BWW Review: A Restrained Dianna Agron Explores a New Era in Her Cafe Carlyle Debut
"As you can probably tell, I love Bob Dylan."
Dianna Agron's joke during her Café Carlyle debut was a fair one, considering Dylan's songs made up a solid quarter of her set list, at least. Yet, over the course of the September 19 performance, Agron split her time between a whole host of "male-fronted acts of the '70s," though, technically, many of the songs did hail from the decade prior.
The songs, she said, were personal to her, featuring many her parents played for her growing up. They also represent something of a reintroduction, with the GLEE alum pointing out that her voice is naturally much lower than many of the songs she was tasked with singing on the FOX hit show. The star opted to open the show with a rendition of Dylan's "Don't Think Twice, It's All Right," with her voice low but clear as crystal.
Staying fairly faithful to most of the original arrangements, Agron did make a slight adjustment here and there, tweaking her intonation of The Rolling Stones' "Play with Fire" (Nanker Phelge) to wring a little extra juice out of the word "fire."
Though she and the Carlyle go way back, Agron explained she's a recent transplant to the city, having felt the need to build up to moving to New York before finally pulling the trigger. At the top of the show, the better part of her patter was devoted to soothing her nerves, teasing that she'd heard the cabaret room was womb-like and insisting the whole show wasn't "going to be Sleepytown."
If her comments hadn't loosened things up, one of her next songs sure would've. She was backed---primarily on guitar, with a dash of harmonica thrown in---by Gill Landry. The pair, who had an easy rapport onstage, took a delightful detour from dad rock by covering John Prine's "In Spite Of Ourselves." Affecting a bit of a twang, Agron never seemed more at ease than when they sang the comedic down-home duet about a couple loving one another despite their differences. (He "drinks his beer like it's oxygen," and she thinks "convict movies" are a turn-on.)
Before launching into her cover of "Bang Bang (My Baby Shot Me Down)" afterward, she defended its inclusion based on the night's theme, reminding everyone that the Nancy Sinatra hit was actually penned by Sonny Bono. As for the song itself, it was a feat of enunciation, with Agron treating each syllable with care.
As expressive as she was in those moments, when it came to revealing herself through her own words, Agron seemed more than a little gunshy. But being so guarded in such an intimate setting can feel like a cheat, like when she announced she wouldn't tell a story about accidentally showing up drunk to temple because she'd heard some members of the press were in attendance.
A bit later, Agron felt the need to clarify, for fear that the audience's imagination would be far worse than the story itself. In actuality, the truth was quite tame. More importantly, though, it was by far the most personal and, in turn, relatable thing she said all night. True, we haven't all spent a holiday rushing from drinks with a film director to a religious ceremony, but alcohol minus food equaling trouble is an equation as universal as E=mc2.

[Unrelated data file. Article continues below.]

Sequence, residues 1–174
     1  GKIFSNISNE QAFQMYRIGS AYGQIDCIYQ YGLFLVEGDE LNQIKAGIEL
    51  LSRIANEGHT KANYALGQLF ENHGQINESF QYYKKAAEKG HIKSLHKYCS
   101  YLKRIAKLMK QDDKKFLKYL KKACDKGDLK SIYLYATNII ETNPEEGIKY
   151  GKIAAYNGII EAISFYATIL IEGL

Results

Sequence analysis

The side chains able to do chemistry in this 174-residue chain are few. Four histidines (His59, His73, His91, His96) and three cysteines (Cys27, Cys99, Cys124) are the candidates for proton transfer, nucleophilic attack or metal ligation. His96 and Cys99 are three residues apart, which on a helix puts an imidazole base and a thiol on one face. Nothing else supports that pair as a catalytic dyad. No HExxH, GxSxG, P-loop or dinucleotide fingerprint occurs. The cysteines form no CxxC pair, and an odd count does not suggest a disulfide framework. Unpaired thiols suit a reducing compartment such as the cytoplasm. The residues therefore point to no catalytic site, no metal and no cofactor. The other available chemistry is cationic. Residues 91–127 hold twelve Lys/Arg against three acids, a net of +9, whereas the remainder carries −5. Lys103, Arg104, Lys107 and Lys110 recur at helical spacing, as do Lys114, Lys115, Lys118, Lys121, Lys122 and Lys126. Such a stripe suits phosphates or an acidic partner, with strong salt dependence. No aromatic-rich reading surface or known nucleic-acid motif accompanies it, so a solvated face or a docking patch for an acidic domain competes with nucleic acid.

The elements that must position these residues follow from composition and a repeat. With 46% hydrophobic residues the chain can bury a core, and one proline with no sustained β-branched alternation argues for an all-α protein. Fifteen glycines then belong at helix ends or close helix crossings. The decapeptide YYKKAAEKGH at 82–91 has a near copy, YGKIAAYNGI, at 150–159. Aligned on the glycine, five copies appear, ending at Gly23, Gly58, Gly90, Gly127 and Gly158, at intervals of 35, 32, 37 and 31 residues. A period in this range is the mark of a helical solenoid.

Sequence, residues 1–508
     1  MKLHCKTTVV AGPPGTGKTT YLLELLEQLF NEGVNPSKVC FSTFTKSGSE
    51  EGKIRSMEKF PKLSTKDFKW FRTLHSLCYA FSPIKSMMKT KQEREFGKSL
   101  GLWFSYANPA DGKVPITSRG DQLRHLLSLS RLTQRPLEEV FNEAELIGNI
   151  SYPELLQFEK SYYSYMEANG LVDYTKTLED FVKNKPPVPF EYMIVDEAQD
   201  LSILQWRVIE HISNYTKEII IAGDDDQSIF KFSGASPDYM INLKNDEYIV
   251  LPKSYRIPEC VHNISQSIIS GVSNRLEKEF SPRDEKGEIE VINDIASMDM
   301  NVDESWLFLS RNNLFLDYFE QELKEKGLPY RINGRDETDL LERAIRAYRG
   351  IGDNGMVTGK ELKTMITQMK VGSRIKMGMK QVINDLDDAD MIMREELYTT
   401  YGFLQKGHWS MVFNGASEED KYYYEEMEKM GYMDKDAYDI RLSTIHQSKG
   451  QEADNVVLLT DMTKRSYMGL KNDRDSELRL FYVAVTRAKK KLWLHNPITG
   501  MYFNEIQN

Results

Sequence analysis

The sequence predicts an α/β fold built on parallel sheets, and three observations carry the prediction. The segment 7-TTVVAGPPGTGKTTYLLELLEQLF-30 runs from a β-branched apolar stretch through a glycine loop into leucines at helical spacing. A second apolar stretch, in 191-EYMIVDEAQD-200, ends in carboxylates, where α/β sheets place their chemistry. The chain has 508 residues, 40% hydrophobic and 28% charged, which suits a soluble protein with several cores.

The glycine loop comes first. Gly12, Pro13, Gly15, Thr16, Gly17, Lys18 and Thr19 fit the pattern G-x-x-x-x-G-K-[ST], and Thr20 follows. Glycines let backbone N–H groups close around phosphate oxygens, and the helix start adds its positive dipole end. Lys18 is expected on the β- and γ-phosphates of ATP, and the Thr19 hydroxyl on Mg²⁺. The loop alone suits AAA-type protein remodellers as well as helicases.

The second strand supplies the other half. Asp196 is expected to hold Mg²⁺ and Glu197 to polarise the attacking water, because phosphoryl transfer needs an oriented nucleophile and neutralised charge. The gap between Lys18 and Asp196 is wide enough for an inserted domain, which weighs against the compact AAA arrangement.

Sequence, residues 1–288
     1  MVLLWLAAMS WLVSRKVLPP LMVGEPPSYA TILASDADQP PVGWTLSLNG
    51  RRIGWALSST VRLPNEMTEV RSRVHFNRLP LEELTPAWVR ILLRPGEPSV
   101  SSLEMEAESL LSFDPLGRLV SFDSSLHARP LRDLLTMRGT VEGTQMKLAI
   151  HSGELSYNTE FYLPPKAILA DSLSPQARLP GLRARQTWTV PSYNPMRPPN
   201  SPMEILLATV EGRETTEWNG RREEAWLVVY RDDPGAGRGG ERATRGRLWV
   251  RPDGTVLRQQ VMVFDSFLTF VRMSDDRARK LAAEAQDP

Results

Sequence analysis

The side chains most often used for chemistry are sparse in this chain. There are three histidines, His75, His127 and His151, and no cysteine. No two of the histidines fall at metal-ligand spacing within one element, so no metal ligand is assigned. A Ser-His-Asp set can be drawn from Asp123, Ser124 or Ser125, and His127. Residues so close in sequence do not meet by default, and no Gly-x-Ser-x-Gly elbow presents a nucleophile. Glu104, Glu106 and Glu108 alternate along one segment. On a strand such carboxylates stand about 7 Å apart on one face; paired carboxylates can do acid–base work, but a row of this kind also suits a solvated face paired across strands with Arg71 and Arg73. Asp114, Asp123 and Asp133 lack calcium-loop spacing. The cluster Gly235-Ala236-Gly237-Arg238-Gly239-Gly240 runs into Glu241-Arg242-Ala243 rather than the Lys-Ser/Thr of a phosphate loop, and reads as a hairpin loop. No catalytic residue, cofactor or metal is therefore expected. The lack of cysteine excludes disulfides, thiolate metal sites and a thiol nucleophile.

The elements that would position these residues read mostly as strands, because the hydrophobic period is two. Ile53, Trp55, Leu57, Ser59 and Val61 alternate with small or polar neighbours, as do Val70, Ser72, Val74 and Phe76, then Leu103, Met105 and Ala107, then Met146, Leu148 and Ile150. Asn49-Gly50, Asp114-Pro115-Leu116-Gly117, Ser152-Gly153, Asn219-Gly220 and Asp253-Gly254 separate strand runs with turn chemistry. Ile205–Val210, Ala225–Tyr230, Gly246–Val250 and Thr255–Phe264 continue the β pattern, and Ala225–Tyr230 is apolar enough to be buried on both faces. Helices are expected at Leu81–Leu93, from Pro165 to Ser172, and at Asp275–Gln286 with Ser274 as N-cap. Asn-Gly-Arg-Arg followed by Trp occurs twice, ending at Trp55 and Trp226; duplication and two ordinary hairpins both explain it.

While her storytelling was restrained, she made up for it with comic timing. After one number, she addressed everyone in the room as "friends and lovers" since everyone was getting along, waiting a beat before deadpanning, "Unless there's something we don't know..."
Her graciousness throughout the evening only bolstered her dry delivery. Leading into her mesmerizing rendition of Leonard Cohen's "Dance Me to the End of Love" (Cohen/David Campbell), she said, "I want to ask you for something, and you may say no... and that's fair," drawing laughs from those in the crowd, who were more than happy to join in. Agron wasn't looking for a simple call-and-response or even a singalong on the chorus, instead asking them to match her as she vocalized along with the melody.
She again asked the crowd to join in during the duo's closing cover of "Dream a Little Dream of Me" (Fabian Andre) after pointing out that the lyrics are deceptively complex. Agron showed tremendous trust with what is, at the very least, intermediate-level audience participation, and I respect her desire not to connect all the dots.
Still, it would have been nice is if the show had featured a little less showing and a bit more telling. As dynamic as the numbers often were, from Lou Reed's "Perfect Day" to a duet with on Dylan's "It Ain't Me Babe," Agron offered little more context for many than saying how much she liked them.
First-show jitters may have had something to do with that, but opening up about what the songs mean to her can only make them more resonant. Besides, she's a New Yorker now. She'll get used to letting it all hang out in no time.
Troy Frisby is an entertainment writer and digital news producer based in New York. Follow him on Twitter @TroyFrisby.